Amidu told Ghanaian news site Graphic he had quit the post four years before his appointment was over due to “political interference in the independence” of his office.
In a letter addressed to Ghanaian President Nana Akufo-Addo, Amidu said he took the job in January 2019 because Akufo-Addo promised to ensure his “independence and freedom of action” in pursuing corruption in the government.
"The events of 12th November 2020 removed the only protection I had from the threats and plans directed at me for undertaking the Agyapa Royalties Limited Transactions anti-corruption assessment report and dictates that I resign as the Special Prosecutor immediately,” Amidu wrote.
According to Ghanaian news site MyJoyOnline, the November 12 event to which Amidu refers is the death of former Ghanaian President J.J. Rawlings, who ruled the West African country for 30 years and who served as a vital go-between for Amidu and Akufo-Addo.
Gold Royalties Deal Challenged
However, Amidu made clear the precipitating cause was the stormy reaction given to his report on the Agyapa Deal, a proposal to sell most of Ghana’s future gold royalties, presently owned by the government, to a company based on the British island of Jersey, a well-known tax haven.
“The reaction I received for daring to produce the Agyapa Royalties Limited Transactions anti-corruption report convinces me beyond any reasonable doubt that I was not intended to exercise any independence as the Special Prosecutor in the prevention, investigation, prosecution, and recovery of assets of corruption,” Amidu wrote. “My position as the Special Prosecutor has consequently become clearly untenable.”
Amidu’s report highlighted the risks involved in selling almost 76% of the royalties generated from 16 large Ghanaian gold mines to a company in a well-known tax haven and a secrecy jurisdiction, including money laundering. Ghanaian Finance Minister Ken Ofori-Atta claimed in August the deal was totally transparent and that posting 49% of the company’s royalties on the London Stock Exchange - a first for any African gold company - would only enhance the country’s wealth.
According to Graphic, the president’s office had reportedly sat on the report for two weeks before a frustrated Amidu released it publicly on November 2. The outlet reported that two days later, Ofori-Atta “refuted” Amidu’s assessment, and Akufo-Addo pressured the special prosecutor to accept the rebuke.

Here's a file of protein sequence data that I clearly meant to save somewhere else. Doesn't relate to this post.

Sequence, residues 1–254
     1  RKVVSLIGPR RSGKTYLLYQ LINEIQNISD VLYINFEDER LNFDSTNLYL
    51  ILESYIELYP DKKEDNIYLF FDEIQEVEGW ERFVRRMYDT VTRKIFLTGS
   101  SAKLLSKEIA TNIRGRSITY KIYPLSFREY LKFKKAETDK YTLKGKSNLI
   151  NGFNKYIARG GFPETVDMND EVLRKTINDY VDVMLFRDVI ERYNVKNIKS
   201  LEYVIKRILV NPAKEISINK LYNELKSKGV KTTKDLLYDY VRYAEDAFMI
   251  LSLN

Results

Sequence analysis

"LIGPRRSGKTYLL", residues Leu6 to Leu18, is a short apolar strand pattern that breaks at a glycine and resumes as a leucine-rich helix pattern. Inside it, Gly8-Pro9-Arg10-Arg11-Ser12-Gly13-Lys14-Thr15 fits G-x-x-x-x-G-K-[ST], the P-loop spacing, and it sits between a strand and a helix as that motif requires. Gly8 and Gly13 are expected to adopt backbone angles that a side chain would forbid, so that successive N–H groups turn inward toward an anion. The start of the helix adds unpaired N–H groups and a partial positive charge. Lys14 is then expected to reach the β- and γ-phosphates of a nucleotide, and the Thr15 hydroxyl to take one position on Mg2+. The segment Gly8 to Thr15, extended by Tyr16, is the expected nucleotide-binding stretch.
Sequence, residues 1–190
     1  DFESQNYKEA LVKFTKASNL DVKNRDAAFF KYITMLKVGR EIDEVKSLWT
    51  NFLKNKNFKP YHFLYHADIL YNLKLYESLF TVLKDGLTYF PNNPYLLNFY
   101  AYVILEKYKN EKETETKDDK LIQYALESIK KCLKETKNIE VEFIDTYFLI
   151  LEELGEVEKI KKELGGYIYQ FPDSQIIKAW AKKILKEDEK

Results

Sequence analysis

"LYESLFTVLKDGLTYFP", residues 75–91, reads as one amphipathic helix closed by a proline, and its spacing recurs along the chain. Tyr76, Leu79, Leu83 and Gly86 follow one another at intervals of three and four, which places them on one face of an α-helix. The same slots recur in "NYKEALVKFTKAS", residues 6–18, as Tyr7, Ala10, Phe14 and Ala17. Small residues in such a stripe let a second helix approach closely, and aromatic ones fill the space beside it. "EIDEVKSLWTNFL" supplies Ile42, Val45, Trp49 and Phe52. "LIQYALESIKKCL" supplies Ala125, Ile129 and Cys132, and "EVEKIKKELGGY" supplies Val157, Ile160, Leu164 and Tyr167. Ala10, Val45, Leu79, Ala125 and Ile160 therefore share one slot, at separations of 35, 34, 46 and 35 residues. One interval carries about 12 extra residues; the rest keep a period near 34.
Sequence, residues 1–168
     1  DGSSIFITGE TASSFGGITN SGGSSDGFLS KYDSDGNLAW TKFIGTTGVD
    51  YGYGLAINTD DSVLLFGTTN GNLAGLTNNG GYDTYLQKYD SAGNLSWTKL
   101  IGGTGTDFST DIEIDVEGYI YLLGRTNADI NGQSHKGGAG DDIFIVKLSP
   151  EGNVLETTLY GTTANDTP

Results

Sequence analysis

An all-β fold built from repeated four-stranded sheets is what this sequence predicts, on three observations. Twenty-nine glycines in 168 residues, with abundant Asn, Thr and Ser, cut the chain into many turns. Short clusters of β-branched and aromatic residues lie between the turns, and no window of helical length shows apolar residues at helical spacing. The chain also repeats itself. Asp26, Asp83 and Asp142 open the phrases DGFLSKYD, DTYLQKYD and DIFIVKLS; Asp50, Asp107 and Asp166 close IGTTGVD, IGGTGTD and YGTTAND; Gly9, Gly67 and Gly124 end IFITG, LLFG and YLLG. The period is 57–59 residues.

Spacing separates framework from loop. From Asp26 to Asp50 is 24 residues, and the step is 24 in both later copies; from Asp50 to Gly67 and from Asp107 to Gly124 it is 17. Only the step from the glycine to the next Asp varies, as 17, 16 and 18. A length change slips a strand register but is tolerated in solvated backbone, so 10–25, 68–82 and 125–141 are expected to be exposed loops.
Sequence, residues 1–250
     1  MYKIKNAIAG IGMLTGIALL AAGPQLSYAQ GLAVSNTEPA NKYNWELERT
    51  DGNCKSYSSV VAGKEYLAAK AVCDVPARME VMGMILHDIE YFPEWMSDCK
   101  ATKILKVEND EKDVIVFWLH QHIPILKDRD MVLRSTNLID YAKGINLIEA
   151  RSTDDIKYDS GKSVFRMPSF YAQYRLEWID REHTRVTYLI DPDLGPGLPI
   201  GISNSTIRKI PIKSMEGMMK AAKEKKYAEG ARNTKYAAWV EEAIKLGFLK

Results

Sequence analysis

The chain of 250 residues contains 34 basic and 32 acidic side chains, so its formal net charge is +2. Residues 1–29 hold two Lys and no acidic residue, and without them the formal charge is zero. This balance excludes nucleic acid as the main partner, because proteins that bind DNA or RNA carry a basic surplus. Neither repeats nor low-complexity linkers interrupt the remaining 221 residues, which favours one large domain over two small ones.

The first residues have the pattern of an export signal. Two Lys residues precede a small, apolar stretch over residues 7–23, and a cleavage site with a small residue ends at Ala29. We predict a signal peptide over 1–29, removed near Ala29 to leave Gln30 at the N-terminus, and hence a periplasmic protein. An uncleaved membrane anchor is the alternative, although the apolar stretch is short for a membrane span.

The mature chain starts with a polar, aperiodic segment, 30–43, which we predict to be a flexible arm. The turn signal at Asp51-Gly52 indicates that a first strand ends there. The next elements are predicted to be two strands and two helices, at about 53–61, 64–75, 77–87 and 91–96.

“That would have compromised my independence as the” special prosecutor, Amidu told the outlet.
The Agyapa Deal has since gone back to the Parliament of Ghana, which will have to OK it again before the end of the year.
Corruption Probes Blocked From Document Access
Amidu further noted in his letter that during his tenure, he encountered one barrier after another to his attempted corruption probes - a complaint he has made almost as long as he has been a special prosecutor.
“You ask for information; you can’t get it. You ask for docket; the docket cannot be produced. You ask a minister for a record; the record cannot be produced. How do you fight corruption when those appointed by the president who has a vision are not coordinating with the Office of the Special Prosecutor to achieve his mandate? That is the challenge we have to face,” Amidu told the Ghana Audit Service in 2018.
Indeed, some thought that resigning would be an appropriately dramatic way for Amidu to call attention to the repeated interference with his office. Journalist Manasseh Azure Awuni told GhanaWeb just hours before Amidu’s letter became known that he was surprised it hadn’t happened yet.
“My surprise is why Martin Amidu hasn’t resigned. Because he keeps giving one reason to the other, if all of these is continuing and you have no solution to it, the best is to resign so they could be some attention to the challenges in that office,” Awuni said. “You have somebody in office and for 3 years the only work he’s done is the Agyapa deal. So if there are challenges that are not being resolved, the best thing for him is to resign.”